scarecrow reviews


Matthew McIntosh - Well

Matthew McIntosh - Well.


"Maybe not always, but a lot of the time, it doesn't matter where I actually am, it's all the same..." And so starts this Sisyphean caterwaul - something scarecrow can relate to. Seven chapters of this tidy debut have the same title: "It's taking so damn long to get here." Each exemplifies the point of this book adroitly. First things first Well is a debut of prosodic virtuoso. The book is rattled by, spattered with and soaked to the bone by voices - it is a loud book (in the Gaddisian sense of the word). Well is set in a working-class American wasteland, Seattle to be precise and each of its character's are embroiled in, or escaping from disparate situations they can see no exit from. Some characters make fleeting appearances within the narrative, others more substantial, but all - in some way or another - are lost in a dark chasm of no escaping: A dark well, if you will allow me. Well is a classic debut, brimming with all the right ingredients - male angst, dissatisfaction - that help to drive such writers. But, it is Matthew McIntosh's prose style that screams the loudest. It is quite simply breathtaking in its density. Plot? A multi-narrative gone askew. The disparate of a working-class Seattle suburb eke out miserable existences while clinging on to the vain hope that something else, something better, or anything is just around the next corner. It isn't, of course. You get the picture. Debuts such as Well are seldom published - and if they are we rarely see them. Increasingly we see mainstream publishers taking fewer risks, ignoring such fresh work. Well is testimony to the realization that forward-thinking fiction can still find the support it so necessarily needs. Faber are publishing this gem over here - if only they would have the same trust in similar home-grown talent. Their last big-hitter also a state-side voice. But, as readers, we must continue to seek out these gems. Well is cutting, acerbic, dry and ravaged by every disappointment felt - this wearisome lament is a wretched, yet strangely heartwarming tale and McIntosh seems to have the ability to suck out all that is real and honest from the deepest of wounds. Well is pure dissatisfaction, a smudge, a long scratch through the white, pristine wall of contemporary fiction. Throw away Palahniuk's studied nihilism and think Manhattan Transfer with extra bite. In the wise argot of Shaun Ryder: double good.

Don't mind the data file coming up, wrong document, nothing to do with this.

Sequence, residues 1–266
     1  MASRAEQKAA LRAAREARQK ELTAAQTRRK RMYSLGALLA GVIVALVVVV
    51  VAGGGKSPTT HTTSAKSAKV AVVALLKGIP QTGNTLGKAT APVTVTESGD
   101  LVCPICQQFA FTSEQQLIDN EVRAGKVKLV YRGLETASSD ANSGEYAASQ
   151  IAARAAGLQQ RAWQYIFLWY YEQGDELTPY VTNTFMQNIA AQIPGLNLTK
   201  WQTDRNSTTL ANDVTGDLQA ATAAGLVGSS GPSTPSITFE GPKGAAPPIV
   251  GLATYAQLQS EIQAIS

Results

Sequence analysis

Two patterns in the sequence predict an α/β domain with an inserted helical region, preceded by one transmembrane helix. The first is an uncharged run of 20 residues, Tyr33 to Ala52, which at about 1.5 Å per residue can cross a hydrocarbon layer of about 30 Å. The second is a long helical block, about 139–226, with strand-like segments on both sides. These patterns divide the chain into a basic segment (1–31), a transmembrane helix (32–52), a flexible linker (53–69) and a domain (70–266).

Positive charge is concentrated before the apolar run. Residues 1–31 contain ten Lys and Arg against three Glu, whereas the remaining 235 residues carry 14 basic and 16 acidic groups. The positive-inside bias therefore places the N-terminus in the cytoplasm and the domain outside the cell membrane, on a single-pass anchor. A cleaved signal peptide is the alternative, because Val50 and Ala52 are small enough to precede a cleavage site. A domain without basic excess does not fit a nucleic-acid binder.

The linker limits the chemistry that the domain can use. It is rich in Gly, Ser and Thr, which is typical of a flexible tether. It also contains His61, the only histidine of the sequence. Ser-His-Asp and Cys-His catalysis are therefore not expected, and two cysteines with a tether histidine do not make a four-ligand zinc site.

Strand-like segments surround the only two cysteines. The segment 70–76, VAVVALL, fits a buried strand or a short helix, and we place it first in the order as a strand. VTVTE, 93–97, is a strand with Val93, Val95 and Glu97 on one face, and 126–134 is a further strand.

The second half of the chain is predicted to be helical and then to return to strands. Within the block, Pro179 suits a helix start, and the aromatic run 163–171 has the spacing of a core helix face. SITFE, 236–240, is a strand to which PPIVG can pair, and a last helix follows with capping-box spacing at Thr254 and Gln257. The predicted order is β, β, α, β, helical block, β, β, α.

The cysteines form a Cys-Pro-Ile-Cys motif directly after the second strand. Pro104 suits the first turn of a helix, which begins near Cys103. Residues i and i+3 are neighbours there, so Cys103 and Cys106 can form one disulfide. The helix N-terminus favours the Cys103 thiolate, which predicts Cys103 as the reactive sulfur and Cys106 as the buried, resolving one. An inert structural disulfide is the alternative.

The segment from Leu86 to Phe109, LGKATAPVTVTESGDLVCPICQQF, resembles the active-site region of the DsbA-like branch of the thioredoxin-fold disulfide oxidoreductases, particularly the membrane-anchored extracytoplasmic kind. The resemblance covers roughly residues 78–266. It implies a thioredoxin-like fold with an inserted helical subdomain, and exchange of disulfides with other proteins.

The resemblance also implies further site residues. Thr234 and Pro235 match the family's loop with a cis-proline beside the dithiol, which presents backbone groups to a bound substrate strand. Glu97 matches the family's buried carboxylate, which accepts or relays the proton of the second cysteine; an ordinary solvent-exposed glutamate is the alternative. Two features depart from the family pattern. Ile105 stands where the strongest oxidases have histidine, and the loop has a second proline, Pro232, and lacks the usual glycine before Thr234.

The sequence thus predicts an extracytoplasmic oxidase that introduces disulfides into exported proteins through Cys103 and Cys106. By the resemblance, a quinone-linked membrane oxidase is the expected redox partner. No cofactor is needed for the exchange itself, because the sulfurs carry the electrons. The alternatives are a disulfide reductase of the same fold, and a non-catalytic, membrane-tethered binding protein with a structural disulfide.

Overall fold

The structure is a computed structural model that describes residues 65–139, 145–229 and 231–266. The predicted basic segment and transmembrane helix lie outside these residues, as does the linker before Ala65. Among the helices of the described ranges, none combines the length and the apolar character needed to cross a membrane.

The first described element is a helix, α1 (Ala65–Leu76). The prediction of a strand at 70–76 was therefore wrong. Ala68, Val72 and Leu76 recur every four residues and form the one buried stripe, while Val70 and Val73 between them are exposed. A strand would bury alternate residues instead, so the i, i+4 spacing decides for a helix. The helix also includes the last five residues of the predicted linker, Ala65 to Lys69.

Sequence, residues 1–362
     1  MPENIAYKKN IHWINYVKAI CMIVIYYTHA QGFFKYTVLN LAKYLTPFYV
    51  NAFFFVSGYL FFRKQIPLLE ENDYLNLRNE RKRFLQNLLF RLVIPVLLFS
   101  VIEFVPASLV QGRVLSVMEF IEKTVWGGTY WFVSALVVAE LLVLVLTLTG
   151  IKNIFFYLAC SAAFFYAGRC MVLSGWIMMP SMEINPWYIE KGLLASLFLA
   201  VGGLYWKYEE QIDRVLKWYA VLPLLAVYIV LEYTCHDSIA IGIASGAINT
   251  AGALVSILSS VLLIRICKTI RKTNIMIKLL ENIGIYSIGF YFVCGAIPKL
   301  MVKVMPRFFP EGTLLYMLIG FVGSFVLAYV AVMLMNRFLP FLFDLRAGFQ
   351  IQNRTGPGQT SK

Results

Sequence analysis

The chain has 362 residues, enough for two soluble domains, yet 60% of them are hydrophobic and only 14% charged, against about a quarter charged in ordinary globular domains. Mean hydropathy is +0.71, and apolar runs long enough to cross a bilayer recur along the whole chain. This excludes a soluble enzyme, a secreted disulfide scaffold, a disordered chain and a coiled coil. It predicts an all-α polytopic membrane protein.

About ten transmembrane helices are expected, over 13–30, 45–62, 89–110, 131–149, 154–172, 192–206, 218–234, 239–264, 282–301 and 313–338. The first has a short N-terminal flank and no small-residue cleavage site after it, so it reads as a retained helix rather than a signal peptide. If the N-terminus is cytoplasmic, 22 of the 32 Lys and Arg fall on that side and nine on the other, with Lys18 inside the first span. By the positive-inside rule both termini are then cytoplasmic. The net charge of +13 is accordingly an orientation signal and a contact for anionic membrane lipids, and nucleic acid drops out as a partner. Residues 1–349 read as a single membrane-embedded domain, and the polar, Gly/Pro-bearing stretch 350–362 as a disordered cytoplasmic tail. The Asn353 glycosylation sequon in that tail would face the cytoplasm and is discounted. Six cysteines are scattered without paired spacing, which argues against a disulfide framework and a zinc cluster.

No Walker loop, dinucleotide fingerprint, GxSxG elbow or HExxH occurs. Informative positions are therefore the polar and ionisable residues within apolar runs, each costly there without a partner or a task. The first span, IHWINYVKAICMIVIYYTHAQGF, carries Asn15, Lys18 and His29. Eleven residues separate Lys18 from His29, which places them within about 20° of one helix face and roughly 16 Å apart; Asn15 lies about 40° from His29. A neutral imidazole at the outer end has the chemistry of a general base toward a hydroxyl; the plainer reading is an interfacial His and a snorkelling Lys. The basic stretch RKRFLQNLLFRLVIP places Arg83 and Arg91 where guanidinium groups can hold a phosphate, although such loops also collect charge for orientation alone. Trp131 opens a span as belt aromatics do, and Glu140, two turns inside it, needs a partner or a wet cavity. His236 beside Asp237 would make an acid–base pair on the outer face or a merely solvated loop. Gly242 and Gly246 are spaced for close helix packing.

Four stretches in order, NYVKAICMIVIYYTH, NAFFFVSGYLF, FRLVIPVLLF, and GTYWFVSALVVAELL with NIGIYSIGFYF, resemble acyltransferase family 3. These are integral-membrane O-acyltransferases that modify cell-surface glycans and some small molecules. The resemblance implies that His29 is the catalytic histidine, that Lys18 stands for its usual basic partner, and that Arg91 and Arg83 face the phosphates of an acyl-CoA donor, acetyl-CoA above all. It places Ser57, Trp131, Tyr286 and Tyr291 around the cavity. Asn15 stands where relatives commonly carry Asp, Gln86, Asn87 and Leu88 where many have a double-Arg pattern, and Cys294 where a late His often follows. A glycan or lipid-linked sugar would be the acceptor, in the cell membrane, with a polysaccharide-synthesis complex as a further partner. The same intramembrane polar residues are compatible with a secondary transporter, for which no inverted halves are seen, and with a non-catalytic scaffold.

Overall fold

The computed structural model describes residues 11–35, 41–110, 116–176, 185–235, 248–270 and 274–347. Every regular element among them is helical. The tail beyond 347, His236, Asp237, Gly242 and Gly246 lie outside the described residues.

Lee Rourke © 2005.


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